Sketchy dating after breakups

(I thought I’d put this post up now, since it relates to a friend’s recent post elsewhere.)

Generally, when people end a long-term relationship, they want to take a bit of a break from dating to get their feet back on the ground. Break-ups can be very emotionally taxing, and recovery takes some time. There are several rules of thumb as to how long one should wait; I won’t go into those, since that’s not the point of this post. What is interesting, though, is that often these rules are not well-kept. The question is, why?

For starters, let’s model a person’s payoff for entering a relationship. Let’s assume for now the person is a woman (also, let’s call her Fiona). Obviously she doesn’t want to enter one immediately after the breakup; but how much she does not want to do so depends on how much time has elapsed. More specifically, the payoff increases, eventually approaching a certain (bounded) value, at which point she is totally over her ex.

(Formally, we assign her a utility function U(t), where U(0)=0, and lim_{t\rightarrow\infty}U(t)=B, where B is some positive number. For example, when B=1, we could have a function like this:)

Fig. 1: sample graph

The guy who wants to ask her out also shares the same payoff (and we’ll call him Scotty). After all, of course he would – he’s only happy if she is, right? Thus it’s better for both of them if they wait longer to start up the relationship.

The thing is, Scotty doesn’t know if other people will have their eyes on Fiona. So, if he wants to lock her up as his only, he’s got to act quickly (by some time \tau). Suppose, for simplicity, he’s the first one to arrive on the scene (the same reasoning will apply even more strongly if there are others already competing with him for Fiona’s attention). Other suitors can be expected to arrive at a pretty much constant rate (r) if she’s still single. If he’s willing to ask her out by time \tau, then they definitely will by a later time (t>\tau), since they get an even higher payoff. Fearing this competition, Scotty will ask out Fiona at exactly the point where the gains from waiting are balanced by the losses in potential competition. (That is, U^{\prime}(\tau)=rU(\tau)\geq0.)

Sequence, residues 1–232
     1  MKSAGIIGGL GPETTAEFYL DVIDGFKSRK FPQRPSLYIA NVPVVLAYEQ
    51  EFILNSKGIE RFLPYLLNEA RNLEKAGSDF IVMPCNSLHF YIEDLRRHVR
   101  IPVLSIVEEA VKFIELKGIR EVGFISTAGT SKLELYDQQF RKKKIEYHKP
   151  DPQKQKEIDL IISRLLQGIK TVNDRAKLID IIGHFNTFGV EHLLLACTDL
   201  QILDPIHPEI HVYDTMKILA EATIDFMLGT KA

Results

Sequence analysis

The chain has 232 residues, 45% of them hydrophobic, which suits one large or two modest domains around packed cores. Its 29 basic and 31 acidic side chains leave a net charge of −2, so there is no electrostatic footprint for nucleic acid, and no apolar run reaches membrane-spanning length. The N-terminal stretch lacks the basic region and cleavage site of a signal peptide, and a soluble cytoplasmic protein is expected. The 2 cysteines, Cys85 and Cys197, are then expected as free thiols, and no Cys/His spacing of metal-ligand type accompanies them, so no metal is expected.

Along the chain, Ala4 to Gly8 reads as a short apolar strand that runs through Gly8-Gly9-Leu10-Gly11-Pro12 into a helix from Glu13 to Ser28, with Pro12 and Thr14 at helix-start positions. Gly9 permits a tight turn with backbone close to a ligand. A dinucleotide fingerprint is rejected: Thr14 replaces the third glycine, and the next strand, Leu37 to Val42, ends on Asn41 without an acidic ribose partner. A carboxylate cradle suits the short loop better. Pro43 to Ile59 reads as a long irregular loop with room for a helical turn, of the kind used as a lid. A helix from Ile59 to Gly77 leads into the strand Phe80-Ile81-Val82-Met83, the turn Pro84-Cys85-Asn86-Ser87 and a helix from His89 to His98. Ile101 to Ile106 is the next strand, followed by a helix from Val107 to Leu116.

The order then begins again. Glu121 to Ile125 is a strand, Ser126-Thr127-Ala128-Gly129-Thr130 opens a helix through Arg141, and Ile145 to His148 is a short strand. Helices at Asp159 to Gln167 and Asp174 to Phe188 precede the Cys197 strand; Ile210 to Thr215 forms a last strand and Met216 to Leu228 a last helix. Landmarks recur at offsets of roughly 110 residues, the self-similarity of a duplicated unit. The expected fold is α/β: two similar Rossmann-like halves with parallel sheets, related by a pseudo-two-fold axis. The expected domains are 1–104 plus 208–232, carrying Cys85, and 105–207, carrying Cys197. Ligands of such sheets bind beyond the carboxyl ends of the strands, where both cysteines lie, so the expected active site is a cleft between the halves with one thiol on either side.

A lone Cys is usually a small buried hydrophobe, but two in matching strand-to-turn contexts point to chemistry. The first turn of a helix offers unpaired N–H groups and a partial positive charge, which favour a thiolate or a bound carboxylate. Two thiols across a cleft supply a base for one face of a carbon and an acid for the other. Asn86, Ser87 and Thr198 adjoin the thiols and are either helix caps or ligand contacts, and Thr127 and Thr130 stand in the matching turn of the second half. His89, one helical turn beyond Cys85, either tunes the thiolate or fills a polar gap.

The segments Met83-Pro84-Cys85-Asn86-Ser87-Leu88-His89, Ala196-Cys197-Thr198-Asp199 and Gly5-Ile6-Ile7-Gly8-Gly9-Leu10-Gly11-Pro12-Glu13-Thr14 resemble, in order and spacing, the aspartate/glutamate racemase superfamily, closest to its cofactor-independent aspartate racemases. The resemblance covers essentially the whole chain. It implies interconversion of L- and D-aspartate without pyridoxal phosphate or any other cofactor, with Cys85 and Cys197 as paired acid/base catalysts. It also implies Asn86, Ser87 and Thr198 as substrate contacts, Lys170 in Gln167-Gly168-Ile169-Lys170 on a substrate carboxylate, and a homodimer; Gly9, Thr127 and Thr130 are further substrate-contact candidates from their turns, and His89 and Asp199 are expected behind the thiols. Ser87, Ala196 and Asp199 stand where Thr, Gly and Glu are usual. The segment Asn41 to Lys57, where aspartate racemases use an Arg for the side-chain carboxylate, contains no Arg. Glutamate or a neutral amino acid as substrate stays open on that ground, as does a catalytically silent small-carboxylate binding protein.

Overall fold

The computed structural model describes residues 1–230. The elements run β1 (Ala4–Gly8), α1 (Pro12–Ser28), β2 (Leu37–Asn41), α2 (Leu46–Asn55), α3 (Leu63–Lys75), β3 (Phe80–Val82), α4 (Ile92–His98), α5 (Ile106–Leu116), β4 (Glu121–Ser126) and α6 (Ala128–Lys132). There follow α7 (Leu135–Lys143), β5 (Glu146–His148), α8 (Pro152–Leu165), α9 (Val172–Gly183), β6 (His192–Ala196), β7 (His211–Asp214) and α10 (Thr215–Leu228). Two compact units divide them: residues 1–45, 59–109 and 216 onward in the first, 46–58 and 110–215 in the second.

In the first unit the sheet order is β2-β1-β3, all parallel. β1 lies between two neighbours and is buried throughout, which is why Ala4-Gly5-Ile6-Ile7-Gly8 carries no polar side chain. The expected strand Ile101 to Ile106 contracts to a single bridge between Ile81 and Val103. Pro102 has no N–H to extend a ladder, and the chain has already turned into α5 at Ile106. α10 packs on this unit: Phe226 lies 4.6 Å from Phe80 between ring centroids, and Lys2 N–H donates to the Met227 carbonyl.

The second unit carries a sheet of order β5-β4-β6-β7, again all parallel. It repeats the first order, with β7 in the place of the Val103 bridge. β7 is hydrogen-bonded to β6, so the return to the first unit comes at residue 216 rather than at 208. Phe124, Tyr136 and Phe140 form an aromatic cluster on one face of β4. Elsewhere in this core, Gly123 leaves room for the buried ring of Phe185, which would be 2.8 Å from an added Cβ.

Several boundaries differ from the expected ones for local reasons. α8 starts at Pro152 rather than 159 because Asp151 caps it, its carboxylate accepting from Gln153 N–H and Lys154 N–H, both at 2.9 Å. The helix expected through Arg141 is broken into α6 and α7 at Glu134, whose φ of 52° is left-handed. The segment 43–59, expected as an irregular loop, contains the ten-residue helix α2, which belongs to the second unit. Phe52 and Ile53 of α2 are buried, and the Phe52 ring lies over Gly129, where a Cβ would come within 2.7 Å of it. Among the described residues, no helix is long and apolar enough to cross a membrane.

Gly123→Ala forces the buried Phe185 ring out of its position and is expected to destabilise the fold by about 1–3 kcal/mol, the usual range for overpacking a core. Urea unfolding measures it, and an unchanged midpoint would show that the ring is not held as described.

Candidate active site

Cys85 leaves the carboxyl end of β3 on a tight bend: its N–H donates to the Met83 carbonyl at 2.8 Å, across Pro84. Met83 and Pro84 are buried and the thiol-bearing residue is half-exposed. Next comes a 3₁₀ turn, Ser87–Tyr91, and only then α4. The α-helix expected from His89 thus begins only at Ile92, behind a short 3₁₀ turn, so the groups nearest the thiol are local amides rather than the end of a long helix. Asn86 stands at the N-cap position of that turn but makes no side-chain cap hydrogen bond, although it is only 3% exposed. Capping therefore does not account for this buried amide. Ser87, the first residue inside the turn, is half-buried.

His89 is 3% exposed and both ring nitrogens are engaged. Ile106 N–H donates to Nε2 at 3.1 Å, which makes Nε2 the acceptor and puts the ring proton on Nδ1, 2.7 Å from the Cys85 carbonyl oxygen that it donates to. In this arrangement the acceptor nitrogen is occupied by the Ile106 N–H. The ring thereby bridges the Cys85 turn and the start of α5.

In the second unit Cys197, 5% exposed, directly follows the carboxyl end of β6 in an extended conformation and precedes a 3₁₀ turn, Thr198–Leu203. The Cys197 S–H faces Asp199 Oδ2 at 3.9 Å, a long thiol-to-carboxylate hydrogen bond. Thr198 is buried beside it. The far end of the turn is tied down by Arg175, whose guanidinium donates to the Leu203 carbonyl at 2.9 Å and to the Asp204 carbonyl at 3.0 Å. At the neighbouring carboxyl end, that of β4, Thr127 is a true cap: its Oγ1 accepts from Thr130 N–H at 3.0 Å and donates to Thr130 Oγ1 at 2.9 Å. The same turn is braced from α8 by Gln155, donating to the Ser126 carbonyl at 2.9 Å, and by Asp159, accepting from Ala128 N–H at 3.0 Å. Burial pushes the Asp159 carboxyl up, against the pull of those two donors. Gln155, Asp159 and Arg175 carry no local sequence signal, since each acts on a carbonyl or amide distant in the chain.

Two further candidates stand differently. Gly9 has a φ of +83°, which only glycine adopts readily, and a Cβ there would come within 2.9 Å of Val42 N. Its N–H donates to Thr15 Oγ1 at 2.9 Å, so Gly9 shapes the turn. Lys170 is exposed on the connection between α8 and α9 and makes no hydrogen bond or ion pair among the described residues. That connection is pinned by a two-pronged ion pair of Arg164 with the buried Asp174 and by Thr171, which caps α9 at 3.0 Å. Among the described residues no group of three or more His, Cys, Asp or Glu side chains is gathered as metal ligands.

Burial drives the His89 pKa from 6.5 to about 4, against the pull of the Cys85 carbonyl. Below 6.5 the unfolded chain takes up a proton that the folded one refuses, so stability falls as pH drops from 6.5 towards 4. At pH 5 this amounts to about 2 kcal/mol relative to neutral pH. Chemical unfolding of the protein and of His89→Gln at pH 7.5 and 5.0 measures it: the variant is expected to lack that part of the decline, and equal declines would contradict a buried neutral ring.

As the model is set up now, Fiona still has no reason to accept Scotty’s request. But if we introduce a cost of rejection (C) into the model, things change, even if such a cost is small. We can account for this as a natural consequence of social interactions: for example, things might be awkward between them if she turns him down. And no matter what, she cannot get more than a payoff of B later. Thus, she will certainly accept as long as U(t)\geq B-C.[1] Though she’d have a higher payoff if he asked later, accepting this request is the best response to his move.

To close things off, I should explain why I assumed initially that the person was a woman. Since even in this age of gender equality, guys are generally the ones doing the asking, women will encounter the possibility of being asked out, even if they are not yet looking around for new opportunities to date. Hence they incur the cost, C. By contrast, men might not look until they can get a payoff closer to B, without incurring the cost C. This makes it more likely that this situation will come up when woman have recently broken up with their boyfriends, rather than with the men.

Obviously, both sides in this equation would rather wait longer to start something up. But it’s just too risky to do so, since they might lose out altogether. So, we end up with much sketchiness. Haaaaaaai!

[1] That is, this is a sufficient condition; she might accept an even lower payoff depending on how frequently she expects guys to ask her out later.


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